Ninth Circuit Panel, Citing High Court Ruling, Cuts Punitive Damage Award Against Abortion Protestors
By a MetNews Staff Writer
The Ninth U.S. Circuit Court of Appeals yesterday substantially slashed a punitive damage award to physicians who said they felt threatened after an anti-abortion group and its members created Wild West-style posters and a website targeting abortion doctors.
In a 6-5 en banc ruling three years ago, the court said the defendants must pay damages to the physicians because their works were illegal threats and not free speech. Judge Pamela Ann Rymer, writing for the court, said the posters were “true” threats when understood in context.
She noted that three doctors were murdered shortly after similar posters with their names and images appeared, and said the posters read in conjunction with comments on the “Nuremberg Files” website could reasonably be viewed as threatening, even though the website by itself could not.
Four doctors testified they feared for their lives, and sued under racketeering laws and the 1994 Federal Access to Clinic Entrances, or FACE, Act, which makes it illegal to incite violence against abortion doctors. During trial, targeted doctors who performed abortions testified that they used disguises, bodyguards and bulletproof vests, and instructed their children to crouch in the bathtub if they heard gunfire.
While leaving the jury verdict on liability and compensatory damages undisturbed, the en banc court sent the case back to U.S. District Judge Robert Jones of the District of Oregon for reconsideration of the $108.5 million in punitive damages the jurors awarded to four abortion doctors and two clinics who sued a dozen abortion foes, including the American Coalition of Life Activists and Michael Bray, author of a book that justifies killing doctors to stop abortions.
The en banc ruling preceded the Supreme Court’s decision on punitive damages in State Farm Mut. Auto Ins. Co. v. Campbell (2003) 538 U.S. 408. The court based its remand order on the circuit’s November 2001 decision in the Exxon Valdez case, holding that a $5 billion punitive damages verdict against the oil company was “excessive.”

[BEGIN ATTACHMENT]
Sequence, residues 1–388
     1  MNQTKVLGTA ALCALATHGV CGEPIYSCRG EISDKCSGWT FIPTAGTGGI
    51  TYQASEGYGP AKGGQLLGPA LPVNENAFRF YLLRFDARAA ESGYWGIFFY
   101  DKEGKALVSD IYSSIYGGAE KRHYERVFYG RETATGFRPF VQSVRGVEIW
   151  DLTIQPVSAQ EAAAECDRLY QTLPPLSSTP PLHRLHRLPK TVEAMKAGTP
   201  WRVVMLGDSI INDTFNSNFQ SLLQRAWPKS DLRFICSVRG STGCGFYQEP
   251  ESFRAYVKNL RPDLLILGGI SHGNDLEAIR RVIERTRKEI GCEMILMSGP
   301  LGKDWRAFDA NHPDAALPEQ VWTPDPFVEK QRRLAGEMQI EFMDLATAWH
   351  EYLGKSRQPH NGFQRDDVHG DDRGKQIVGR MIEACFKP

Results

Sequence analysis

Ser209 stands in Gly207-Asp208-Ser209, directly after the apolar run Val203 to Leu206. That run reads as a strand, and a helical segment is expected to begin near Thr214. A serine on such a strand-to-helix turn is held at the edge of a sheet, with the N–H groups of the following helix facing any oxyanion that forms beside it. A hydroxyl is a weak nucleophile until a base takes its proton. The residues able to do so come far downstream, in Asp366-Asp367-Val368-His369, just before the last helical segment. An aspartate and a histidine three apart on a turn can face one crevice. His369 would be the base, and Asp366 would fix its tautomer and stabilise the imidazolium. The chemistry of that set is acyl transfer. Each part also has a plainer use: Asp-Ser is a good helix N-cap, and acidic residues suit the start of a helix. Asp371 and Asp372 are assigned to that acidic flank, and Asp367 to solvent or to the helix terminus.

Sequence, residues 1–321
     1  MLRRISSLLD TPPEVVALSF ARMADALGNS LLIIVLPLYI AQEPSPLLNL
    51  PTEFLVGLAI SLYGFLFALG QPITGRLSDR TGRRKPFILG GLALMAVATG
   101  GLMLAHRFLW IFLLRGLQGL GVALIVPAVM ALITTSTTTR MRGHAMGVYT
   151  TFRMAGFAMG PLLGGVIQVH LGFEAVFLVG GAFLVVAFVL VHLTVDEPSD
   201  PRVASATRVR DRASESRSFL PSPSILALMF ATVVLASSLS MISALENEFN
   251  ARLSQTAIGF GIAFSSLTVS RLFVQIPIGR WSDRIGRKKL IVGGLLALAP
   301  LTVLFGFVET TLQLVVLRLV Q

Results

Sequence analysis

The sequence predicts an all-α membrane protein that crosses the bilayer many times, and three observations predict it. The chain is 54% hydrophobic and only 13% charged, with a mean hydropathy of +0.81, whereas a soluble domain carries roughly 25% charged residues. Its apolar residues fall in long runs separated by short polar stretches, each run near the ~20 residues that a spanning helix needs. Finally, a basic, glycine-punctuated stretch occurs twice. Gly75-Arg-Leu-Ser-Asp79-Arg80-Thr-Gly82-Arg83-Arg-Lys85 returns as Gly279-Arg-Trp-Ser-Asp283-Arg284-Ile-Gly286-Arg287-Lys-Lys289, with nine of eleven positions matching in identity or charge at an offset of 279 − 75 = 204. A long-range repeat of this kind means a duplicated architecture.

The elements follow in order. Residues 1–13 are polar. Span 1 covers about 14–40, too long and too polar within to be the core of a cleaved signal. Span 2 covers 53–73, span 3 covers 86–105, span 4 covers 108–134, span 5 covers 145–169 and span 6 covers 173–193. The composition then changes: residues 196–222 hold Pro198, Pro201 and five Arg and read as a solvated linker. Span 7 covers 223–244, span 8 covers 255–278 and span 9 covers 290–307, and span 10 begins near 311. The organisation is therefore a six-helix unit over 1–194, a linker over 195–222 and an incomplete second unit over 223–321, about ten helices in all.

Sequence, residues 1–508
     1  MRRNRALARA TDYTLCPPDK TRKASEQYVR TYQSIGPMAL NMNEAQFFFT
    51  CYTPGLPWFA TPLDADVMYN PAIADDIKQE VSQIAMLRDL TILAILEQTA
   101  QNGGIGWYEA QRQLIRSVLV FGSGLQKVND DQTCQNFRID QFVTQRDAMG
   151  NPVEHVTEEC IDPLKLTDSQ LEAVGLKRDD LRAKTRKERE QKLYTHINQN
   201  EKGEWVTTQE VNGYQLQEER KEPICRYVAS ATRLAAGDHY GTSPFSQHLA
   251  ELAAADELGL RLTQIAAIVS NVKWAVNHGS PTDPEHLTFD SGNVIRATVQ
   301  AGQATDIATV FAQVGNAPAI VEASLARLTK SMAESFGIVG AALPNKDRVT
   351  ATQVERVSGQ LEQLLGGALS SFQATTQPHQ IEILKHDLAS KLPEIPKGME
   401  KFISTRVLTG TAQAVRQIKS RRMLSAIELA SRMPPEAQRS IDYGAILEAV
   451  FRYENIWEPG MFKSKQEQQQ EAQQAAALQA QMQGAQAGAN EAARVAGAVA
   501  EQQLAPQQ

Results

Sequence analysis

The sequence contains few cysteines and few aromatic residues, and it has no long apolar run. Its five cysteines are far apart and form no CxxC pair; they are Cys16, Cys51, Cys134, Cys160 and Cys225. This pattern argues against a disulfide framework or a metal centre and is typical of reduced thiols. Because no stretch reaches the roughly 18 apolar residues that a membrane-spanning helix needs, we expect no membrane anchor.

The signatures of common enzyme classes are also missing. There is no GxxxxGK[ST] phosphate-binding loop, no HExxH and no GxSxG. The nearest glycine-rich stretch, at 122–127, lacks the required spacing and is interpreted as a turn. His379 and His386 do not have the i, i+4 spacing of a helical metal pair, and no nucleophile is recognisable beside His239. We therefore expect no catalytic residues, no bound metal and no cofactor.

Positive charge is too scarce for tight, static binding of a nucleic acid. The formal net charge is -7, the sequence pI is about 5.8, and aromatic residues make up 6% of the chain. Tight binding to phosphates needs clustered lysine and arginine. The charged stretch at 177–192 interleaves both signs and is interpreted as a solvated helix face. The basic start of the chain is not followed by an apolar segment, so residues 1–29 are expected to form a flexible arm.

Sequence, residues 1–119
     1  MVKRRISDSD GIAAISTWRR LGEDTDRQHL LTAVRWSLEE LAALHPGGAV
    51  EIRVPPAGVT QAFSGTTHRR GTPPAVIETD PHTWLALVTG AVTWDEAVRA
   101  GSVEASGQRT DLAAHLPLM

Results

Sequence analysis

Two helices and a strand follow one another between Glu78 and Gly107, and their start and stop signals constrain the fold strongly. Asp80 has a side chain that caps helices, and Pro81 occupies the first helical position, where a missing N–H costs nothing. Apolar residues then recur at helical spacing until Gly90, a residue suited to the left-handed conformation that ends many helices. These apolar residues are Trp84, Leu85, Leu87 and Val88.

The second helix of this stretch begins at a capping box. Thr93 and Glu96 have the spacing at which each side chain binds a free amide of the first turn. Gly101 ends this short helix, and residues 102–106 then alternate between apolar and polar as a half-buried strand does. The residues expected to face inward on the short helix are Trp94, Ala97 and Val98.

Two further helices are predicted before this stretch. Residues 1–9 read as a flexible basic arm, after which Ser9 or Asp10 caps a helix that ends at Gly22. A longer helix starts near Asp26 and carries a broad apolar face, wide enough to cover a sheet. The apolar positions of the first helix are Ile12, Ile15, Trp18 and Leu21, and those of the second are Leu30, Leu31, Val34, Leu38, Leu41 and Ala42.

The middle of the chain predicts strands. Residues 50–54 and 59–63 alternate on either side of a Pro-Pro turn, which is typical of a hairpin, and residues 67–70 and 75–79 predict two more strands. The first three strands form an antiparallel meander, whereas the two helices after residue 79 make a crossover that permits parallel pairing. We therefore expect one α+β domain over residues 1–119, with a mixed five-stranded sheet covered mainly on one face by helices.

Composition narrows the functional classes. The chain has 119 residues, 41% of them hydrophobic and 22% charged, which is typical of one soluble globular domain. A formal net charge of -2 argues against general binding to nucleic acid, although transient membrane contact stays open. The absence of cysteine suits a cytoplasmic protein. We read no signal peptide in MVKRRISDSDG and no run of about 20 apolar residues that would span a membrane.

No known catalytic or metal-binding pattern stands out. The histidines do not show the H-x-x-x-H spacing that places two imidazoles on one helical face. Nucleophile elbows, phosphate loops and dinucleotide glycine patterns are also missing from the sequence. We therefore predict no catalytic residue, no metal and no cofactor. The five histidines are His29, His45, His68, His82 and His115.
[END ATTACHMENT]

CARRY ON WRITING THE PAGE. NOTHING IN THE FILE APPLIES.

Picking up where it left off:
In that case, the court found punitive damages that exceeded four times compensatory damages to be “grossly inappropriate.”
On remand, Jones said the entire award should stand. But a three-judge panel—made up of Rymer, Judge Andrew J. Kleinfeld, and Senior Judge Ferdinand Fernandez—yesterday disagreed.
Rymer, writing for the three, said that while the conduct “hovers high in the hierarchy” of reprehensibility and is “significantly blameworthy,” the plaintiffs must choose between a new trial and a reduction of punitive damages to a total of $4.73 million, which is nine times the compensatory damages found by the jury.
Rymer cited several Supreme Court cases, including State Farm. Justice Anthony Kennedy, writing for the court in that case, concluded that while the Constitution does not “impose a bright-line ratio which a punitive damages award cannot exceed,” awards should generally be limited to four times compensatory damages and that there would be few situations in which “awards exceeding a single-digit ratio between punitive and compensatory damages, to a significant degree, will satisfy due process.”
In this case, the judge said, the conduct was sufficiently egregious to support the high-end award under Kennedy’s analysis, but not—given the lack of actual violence, the substantial amount of the compensatory damage award, and the fact that none of the defendants had previously been sanctioned for misconduct directed at the plaintiffs—to find an exception to the 9 to 1 limit.
Rymer declined, however, to revisit other issues in the case, including the ACLA’s argument that its posters were protected under the First Amendment because they were merely a list of doctors and clinicsónot a threat. The defendants maintained they collected data on doctors in hopes of one day putting them on trial, just as Nazi war criminals were at Nuremberg.
The judge noted that the Supreme Court previously denied a certiorari petition based on those arguments. The en banc ruling is thus settled law on those issues and they are “not open for review,” Rymer explained.
Warren Hern, a plaintiff in the case who performs abortions in Boulder, Colo., told the Associated Press the money was not as important as the symbolic value of winning in court. No amount of compensation would put him at ease, he said.
“The Mafia has the decency to keep its hit list private,” he said. “The Mafia is a fine, upstanding organization compared to the American Coalition of Life Activists.”
The jury awarded Hern $13 million in punitive damages, which the court reduced to $129,861, or nine times the $14,429 in compensatory damages the jury awarded him.
The case is Planned Parenthood v. American Coalition of Life Activists, 99-35320.
Copyright 2005, Metropolitan News Company